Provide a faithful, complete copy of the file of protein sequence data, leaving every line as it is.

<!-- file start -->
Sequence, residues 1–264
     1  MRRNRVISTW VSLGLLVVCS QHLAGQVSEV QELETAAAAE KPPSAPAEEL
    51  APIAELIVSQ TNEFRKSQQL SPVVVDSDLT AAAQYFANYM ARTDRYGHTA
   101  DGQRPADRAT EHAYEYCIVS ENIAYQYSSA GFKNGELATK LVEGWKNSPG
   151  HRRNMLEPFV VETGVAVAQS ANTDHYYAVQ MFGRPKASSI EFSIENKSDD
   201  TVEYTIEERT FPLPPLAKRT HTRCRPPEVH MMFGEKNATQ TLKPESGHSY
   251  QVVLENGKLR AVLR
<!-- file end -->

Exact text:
Sequence, residues 1–264
     1  MRRNRVISTW VSLGLLVVCS QHLAGQVSEV QELETAAAAE KPPSAPAEEL
    51  APIAELIVSQ TNEFRKSQQL SPVVVDSDLT AAAQYFANYM ARTDRYGHTA
   101  DGQRPADRAT EHAYEYCIVS ENIAYQYSSA GFKNGELATK LVEGWKNSPG
   151  HRRNMLEPFV VETGVAVAQS ANTDHYYAVQ MFGRPKASSI EFSIENKSDD
   201  TVEYTIEERT FPLPPLAKRT HTRCRPPEVH MMFGEKNATQ TLKPESGHSY
   251  QVVLENGKLR AVLR